There are two big things in the way of EV
getting 175s and they are these:
Let's take them in reverse order.
ExpressJet is its own worst enemy. From top to bottom, ExpressJet cannot find the way forward. More than half the company is trapped in its past and is looking the wrong way. They are in no way one company with one mission and one bright future. Former ASA flight attendants fly the line with ASA wings to show their bitterness, Pilots, managers, etc refer to the CRJ side as ASA, and on the flip side, you hear endlessly about the incompetence in Atlanta. To add fuel to the fire, neither crew scheduling nor dispatch seem to be able to find their way to the bathroom without assistance for the last two months - releases are posted as late as ten minutes to departure, and both entities are unavailable by phone and openly hostile when they do answer. (And this is to people who are trying to help them get planes out on time and save them some embarrassment!)
That rolls downhill too, some pilots are true professionals and go out of their way to make things smooth. Some are really tall three-year olds. We have a cadre in Atlanta who consistently run their APUs to burn fuel then call Delta to say they were shorted (Um, listen up chuckleheads - we can show Delta how much fuel we left your aircraft with using DELTA's software) and force the fueler to return and hook up again to "top them off" instead of just asking the fueler to bump the fuel by 300lbs for APU burn on the ramp like grownups. Guess who gets the delay when that happens? You do. And guess who's off the clock while your door is open? Yes, you are, and the crew.
Legacy ASA FAs and Pilots have been holding out for years to maintain priveleges in their contracts that they believe are better than those in the Legacy XJet contract, but almost none of them have read the ExpressJet contract. It's amazing. Hey folks - it was modeled on CONTINENTAL MAINLINE. Really. It's far more generous than yours. You really need to read every line. You want that contract.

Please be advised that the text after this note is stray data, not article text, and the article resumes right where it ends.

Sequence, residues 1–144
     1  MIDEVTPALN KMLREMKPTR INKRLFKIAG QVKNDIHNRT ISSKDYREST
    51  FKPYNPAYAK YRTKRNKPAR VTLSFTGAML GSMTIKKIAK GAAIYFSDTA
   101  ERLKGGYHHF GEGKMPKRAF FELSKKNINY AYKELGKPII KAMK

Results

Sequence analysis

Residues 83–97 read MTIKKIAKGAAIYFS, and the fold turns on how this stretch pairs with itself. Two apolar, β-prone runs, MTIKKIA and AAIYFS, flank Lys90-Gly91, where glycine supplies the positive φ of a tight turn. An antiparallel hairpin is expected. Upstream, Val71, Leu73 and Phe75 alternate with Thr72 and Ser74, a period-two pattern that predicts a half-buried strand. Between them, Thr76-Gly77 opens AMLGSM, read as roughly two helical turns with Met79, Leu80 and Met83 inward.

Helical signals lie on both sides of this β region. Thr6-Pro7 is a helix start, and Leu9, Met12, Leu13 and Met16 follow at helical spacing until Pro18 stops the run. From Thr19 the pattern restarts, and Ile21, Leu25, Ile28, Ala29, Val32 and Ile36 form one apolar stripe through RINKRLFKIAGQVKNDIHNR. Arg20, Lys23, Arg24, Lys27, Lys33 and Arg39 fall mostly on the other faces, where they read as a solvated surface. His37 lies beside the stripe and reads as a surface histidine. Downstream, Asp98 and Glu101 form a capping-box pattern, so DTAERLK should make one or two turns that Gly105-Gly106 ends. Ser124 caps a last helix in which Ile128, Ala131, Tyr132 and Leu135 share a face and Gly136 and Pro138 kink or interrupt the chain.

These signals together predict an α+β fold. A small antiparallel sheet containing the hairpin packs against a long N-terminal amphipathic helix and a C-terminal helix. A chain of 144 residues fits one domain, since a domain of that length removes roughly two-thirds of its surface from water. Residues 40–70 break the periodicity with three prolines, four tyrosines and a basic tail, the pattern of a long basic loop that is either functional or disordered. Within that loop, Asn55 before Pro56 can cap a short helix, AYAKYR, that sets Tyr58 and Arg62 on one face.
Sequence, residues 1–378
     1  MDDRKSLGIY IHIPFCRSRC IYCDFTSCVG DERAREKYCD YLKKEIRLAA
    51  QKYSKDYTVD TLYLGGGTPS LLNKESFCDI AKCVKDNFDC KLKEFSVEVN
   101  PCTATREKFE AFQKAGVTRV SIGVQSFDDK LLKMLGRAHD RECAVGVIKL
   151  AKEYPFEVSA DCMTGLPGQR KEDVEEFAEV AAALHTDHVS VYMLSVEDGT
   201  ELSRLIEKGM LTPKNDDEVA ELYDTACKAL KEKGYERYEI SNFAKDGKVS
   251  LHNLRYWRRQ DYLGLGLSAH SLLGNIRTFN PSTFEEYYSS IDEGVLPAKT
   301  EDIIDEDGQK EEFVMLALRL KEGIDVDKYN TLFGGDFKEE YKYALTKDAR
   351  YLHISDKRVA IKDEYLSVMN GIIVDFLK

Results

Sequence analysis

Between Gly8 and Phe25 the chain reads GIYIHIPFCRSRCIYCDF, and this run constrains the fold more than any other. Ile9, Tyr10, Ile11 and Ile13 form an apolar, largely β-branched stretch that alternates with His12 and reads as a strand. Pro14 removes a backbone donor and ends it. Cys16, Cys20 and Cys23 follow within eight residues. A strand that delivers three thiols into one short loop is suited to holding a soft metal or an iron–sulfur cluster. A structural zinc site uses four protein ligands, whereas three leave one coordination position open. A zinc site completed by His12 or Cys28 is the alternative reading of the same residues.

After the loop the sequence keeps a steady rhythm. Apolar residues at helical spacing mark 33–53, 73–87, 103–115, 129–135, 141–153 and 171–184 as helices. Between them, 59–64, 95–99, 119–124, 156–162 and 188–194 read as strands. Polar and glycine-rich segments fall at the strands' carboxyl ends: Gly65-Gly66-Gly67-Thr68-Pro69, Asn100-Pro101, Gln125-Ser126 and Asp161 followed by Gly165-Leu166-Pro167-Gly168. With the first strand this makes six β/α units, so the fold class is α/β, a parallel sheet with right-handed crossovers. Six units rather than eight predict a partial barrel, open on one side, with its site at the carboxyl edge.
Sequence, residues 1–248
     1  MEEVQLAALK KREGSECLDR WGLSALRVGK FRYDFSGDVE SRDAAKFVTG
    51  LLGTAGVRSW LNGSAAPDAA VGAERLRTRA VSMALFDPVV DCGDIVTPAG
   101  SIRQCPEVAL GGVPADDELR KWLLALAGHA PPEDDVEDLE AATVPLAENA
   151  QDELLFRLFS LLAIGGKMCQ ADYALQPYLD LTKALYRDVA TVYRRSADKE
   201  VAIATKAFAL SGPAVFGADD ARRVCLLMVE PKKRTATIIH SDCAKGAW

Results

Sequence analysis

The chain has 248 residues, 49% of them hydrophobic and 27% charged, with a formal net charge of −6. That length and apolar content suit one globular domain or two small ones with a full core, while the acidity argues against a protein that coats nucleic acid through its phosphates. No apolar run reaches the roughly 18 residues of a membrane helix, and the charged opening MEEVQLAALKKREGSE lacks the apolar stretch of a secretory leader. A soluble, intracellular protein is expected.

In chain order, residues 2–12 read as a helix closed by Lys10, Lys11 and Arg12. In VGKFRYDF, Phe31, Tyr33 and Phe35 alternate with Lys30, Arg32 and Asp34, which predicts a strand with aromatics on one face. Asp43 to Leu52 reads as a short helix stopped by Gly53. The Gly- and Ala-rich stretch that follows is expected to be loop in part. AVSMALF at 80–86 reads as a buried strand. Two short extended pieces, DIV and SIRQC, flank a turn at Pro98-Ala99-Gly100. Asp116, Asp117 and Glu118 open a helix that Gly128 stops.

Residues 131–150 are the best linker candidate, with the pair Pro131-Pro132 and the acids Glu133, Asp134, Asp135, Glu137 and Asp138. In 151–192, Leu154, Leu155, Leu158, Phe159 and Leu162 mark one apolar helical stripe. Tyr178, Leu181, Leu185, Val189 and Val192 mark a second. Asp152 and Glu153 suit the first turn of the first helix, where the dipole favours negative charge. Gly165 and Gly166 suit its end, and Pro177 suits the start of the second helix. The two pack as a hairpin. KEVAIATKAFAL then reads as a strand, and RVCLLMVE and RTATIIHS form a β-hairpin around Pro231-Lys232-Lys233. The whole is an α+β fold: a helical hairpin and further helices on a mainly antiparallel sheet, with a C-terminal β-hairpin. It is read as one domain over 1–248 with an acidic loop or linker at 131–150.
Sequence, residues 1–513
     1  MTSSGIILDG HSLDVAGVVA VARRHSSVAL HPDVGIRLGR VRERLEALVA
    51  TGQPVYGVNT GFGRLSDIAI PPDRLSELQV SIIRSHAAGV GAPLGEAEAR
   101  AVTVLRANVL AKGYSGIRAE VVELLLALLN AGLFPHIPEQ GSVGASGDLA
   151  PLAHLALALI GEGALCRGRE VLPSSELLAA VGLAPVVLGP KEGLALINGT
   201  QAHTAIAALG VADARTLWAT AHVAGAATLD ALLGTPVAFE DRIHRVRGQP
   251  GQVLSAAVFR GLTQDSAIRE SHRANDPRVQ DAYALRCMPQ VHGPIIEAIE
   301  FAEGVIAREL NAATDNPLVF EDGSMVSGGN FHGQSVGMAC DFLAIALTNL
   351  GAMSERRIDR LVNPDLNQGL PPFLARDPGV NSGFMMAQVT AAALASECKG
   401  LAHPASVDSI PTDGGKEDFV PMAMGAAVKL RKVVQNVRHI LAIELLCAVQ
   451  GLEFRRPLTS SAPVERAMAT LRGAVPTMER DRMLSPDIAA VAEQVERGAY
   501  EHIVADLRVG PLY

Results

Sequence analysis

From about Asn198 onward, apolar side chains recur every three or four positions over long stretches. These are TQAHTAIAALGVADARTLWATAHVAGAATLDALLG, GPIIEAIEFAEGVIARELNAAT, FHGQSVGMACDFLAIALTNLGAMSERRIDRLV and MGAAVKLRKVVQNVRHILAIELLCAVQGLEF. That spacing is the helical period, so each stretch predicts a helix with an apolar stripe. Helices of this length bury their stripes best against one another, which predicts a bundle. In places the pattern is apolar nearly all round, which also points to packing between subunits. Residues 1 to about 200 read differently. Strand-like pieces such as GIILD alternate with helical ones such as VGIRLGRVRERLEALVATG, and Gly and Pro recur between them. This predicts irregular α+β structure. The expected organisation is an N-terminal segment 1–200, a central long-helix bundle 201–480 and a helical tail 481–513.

Collectively though, these things and the constant sniping have everyone inside either half focused on what was, not what COULD be. And they seem to be able to drown out the voice of new President Alex Marren who is trying to lead everyone toward a future as one company. If you cannot look forward, you cannot drive toward new aircraft, or earn them.
And the last and perhaps most damning problem inside of ExpressJet as it currently stands is that a large number of current middle management is a group of nice folk who grew up inside ASA and have found themselves in positions that are way over their heads. When the airline doubled, they drowned and noone noticed. They don't have college educations, they are doing their very best, but they're just over their heads, poor things. They need a graceful exit.
Now, that has a dangerous corollary at SkyWest, which is that any old degree from Dixie State College in St. George where being Mormon is enough to get you one, doesn't make you qualified for management. And yet, if you're male, and mormon, and have one, you get hired into OO
management to join the good ole boys there! Competence be darned. Ooh - and if you're a CPA that's even better!
has in the last seven years actively chased away what were shining stars that should have become its next round of great management. It started after Ron Reber left and picked up steam sharply with the first great loss of stations. In their place, OO
now relies on managers that devalue the employees. The problem is that its quite possible they may have sown the seeds for a successful unionization inside both their FAs and their pilots.
In the meantime, the anti-union sentiment in St. George may well be enough to keep them from being able to realistically evaluate any performance gains or capabilities in ExpressJet. And while they ignore that, they are pushing their own team way past breaking trying to do everything all at once, and all for less and less money.
There are a few signs of good moves, maybe. The combined entities are shifting to one massive Benefits dept, perhaps stupidly in St. George. I commend the realization that it should be in one place. I find the choice of St. George foolish. I think the talent pool in Salt Lake would have done better for all and been much, much wiser. And been more palatable politically. Too, the remnants of Atlanta and Houston teams might have considered the move.
It's time for the combined management of SkyWest Inc to sit down and lay out clear goals for ExpressJet that need meeting for them to get 175s. And then challenge ExpressJet to hit those targets in six months, and twelve months. Its clear that the industry is going to change and that EV
needs to do so to survive. Throw down the gauntlet.